“You have to hurry, Stephen,” my brother, Robert, called as he swung around the fence post and into the corral. He was out of breath from running to Clem's Livery, where I was mucking stalls. “Dad's going, and it's happening soon.”

I'd been expecting that moment for days, dreading it. Dad had coughed up blood all the night before. The air in our room at the boardinghouse was filled with the stench from his soiled sheets. The doctor told us it wouldn't be long. I shouldn't have left the house when I did, but cleaning up after the horses for my uncle was better than having to watch it happen.

Robert turned and ran home, but I took time to scrub the pitchfork and hang it back next to the buckets on the wall. Scraping manure from my boots with a stick ate up a
couple more minutes. I'd never seen anybody die, and Dad did not need to be my first. For months, consumption had slowly been eating his body like a flame chewing a candle.

Telegraphs from relatives in Pennsylvania and New York had arrived, expressing regrets of his pending death as if witnessing last breaths was as sacred as attending church. “Sadly, we're unable to accept the solemn honor of accompanying James at his death,” an aunt wrote.

What honor?

On the way home, Paddy's Run, a creek just north of town, appeared on my right. It reminded me of the summer before and how we'd picnicked there every Sunday. Dad chased Mom with crawdads around trees, bushes, and into the creek. He threatened to let them pinch her. She shrieked like a train whistle, all the while knowing he'd never allow anything to harm a hair on her head. One time Dad fell asleep under a tree, and Mom offered a nickel to me or Robert, whoever came back first with a crawdad. Robert, seven years older than me, beat me and presented her with a large brown one. He pinned its tail on the ground while Mom squeezed its back between her finger and thumb. Lifting the crawdad with a firm hold, she placed its pinchers above Dad's lip until it found his nose and latched on tight as a tick.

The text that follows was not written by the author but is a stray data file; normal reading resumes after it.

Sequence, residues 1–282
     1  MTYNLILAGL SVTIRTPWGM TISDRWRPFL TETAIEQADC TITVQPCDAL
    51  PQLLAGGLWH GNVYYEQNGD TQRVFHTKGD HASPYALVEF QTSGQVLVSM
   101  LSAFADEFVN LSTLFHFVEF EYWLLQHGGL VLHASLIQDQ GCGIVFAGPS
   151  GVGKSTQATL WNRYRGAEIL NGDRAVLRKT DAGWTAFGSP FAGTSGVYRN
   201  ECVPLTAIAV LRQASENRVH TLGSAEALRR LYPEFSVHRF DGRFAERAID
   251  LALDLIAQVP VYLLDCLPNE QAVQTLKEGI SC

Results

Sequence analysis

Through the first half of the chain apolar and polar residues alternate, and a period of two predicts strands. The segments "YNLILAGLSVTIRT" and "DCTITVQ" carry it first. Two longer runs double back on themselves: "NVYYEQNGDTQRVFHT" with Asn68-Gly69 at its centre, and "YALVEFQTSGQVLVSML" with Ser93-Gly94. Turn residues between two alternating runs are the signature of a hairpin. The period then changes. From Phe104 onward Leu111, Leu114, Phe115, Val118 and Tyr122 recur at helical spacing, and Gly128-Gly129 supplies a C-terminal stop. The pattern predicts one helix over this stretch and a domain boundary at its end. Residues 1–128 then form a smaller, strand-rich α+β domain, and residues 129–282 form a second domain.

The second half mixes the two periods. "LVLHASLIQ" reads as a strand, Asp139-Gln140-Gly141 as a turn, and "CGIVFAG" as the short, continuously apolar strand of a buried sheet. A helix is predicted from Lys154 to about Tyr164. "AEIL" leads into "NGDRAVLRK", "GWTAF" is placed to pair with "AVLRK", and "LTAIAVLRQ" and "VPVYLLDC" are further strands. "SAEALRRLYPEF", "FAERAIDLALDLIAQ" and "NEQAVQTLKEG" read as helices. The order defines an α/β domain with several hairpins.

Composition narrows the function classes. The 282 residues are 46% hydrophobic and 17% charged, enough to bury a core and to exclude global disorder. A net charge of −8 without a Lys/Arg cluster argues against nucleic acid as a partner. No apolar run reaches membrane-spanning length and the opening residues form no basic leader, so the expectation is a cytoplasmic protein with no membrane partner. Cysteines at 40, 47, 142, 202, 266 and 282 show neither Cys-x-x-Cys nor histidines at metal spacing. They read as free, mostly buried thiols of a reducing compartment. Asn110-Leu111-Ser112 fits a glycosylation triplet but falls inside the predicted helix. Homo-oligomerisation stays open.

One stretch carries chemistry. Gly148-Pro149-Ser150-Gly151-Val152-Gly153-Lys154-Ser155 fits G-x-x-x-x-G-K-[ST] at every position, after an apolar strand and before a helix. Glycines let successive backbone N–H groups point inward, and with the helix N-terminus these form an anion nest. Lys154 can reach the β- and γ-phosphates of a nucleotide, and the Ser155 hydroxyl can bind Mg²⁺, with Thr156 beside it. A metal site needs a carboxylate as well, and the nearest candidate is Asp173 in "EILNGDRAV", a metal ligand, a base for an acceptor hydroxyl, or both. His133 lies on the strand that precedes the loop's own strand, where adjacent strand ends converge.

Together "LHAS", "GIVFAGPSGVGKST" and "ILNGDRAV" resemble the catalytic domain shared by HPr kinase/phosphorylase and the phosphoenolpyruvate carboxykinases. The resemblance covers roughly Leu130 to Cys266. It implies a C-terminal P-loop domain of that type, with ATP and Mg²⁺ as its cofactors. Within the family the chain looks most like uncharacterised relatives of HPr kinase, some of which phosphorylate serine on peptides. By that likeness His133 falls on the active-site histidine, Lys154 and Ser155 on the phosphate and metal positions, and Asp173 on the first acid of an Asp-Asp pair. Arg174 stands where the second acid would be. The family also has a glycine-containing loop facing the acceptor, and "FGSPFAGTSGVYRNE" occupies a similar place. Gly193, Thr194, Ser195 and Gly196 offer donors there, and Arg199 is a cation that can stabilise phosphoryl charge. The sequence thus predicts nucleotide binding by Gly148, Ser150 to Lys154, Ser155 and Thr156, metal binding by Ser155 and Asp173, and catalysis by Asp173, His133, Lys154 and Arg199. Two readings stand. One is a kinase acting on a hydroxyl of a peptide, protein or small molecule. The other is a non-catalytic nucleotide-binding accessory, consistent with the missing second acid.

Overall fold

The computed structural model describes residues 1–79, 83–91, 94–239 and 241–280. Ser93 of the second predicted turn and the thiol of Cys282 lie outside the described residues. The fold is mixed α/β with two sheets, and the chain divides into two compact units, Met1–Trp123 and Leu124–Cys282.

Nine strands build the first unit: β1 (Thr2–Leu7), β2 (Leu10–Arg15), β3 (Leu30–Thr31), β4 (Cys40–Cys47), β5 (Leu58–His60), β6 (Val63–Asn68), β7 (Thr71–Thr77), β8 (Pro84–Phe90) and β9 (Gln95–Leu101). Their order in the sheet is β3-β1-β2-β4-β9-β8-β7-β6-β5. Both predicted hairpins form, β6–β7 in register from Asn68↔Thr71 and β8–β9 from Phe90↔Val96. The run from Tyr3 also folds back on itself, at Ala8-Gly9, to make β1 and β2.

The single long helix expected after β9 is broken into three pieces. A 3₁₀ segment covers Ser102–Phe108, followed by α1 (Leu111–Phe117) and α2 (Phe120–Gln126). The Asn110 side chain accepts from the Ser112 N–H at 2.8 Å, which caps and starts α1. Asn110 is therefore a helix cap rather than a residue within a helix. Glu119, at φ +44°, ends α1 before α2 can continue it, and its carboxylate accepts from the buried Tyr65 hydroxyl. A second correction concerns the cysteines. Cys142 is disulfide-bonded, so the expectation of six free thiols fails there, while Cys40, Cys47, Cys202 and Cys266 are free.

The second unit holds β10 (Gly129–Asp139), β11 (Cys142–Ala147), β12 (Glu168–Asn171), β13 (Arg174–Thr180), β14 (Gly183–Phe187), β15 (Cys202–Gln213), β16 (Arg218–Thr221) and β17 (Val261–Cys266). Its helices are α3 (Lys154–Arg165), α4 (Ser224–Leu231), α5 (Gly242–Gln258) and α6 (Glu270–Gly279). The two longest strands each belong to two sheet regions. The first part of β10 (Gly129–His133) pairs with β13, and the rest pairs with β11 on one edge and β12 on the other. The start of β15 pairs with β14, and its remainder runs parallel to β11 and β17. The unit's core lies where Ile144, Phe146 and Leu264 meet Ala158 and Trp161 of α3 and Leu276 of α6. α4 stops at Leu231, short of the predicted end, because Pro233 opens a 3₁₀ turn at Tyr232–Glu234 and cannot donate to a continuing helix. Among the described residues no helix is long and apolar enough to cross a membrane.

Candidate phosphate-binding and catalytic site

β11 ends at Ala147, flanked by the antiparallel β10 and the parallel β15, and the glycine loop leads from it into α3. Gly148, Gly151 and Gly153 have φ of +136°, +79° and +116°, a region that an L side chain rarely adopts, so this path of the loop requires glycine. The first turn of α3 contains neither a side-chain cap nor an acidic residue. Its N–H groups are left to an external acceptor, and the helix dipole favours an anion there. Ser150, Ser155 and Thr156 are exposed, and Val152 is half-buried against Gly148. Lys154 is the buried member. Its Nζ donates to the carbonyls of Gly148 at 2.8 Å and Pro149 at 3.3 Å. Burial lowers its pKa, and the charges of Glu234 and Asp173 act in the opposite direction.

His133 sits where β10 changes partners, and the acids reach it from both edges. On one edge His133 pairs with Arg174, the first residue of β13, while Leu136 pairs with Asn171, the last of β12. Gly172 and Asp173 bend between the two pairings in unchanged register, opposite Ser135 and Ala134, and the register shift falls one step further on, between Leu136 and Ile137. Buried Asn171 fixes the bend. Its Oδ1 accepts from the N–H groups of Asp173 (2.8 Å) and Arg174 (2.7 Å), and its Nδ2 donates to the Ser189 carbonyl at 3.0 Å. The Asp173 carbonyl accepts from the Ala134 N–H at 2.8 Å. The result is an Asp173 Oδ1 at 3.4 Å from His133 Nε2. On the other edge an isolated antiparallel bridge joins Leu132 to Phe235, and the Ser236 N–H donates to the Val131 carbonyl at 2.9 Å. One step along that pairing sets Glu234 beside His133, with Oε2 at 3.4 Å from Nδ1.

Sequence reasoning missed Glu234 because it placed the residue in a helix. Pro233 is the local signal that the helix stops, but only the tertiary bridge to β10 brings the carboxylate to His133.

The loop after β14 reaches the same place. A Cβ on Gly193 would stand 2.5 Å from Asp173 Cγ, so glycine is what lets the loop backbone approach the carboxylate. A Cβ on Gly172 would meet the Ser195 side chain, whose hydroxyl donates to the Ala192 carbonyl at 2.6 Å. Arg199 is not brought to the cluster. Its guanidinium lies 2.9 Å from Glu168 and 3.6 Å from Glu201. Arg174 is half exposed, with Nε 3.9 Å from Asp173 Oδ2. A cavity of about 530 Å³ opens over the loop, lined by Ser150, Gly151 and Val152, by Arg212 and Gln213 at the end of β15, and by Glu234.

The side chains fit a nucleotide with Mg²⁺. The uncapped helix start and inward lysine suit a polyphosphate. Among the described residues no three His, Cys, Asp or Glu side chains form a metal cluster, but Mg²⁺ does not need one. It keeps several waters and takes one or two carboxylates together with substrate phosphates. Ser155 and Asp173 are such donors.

I never heard Dad yelp so loud or Mom laugh so long.

When I arrived, the boardinghouse was quiet; a rarity since there were six rooms rented on the second floor. It was wrong, but as I closed the door I said a quick prayer asking God to have taken Dad during my walk home. I made my way past the large dining room, where we ate with strangers. Mother hated mealtime because we shared a table with renters who came and left with the wind. Most of the time we ate in silence as if everybody were wooden statues.

Mother had said many times, “Boys, one day we'll have a place of our own and a dinner table where we can talk and say anything without a care in the world.”

But consumption took every penny my parents had put aside for a home. Dad hadn't worked in months—his weight melted away. Mom worried what she would do with two boys once Dad was gone. Lines she called crow's-feet appeared at the corners of her eyes, and she'd gaze into space for the longest time, as if in a trance. But I knew she was thinking, worrying, and wondering about how she was going to get by with three mouths to feed.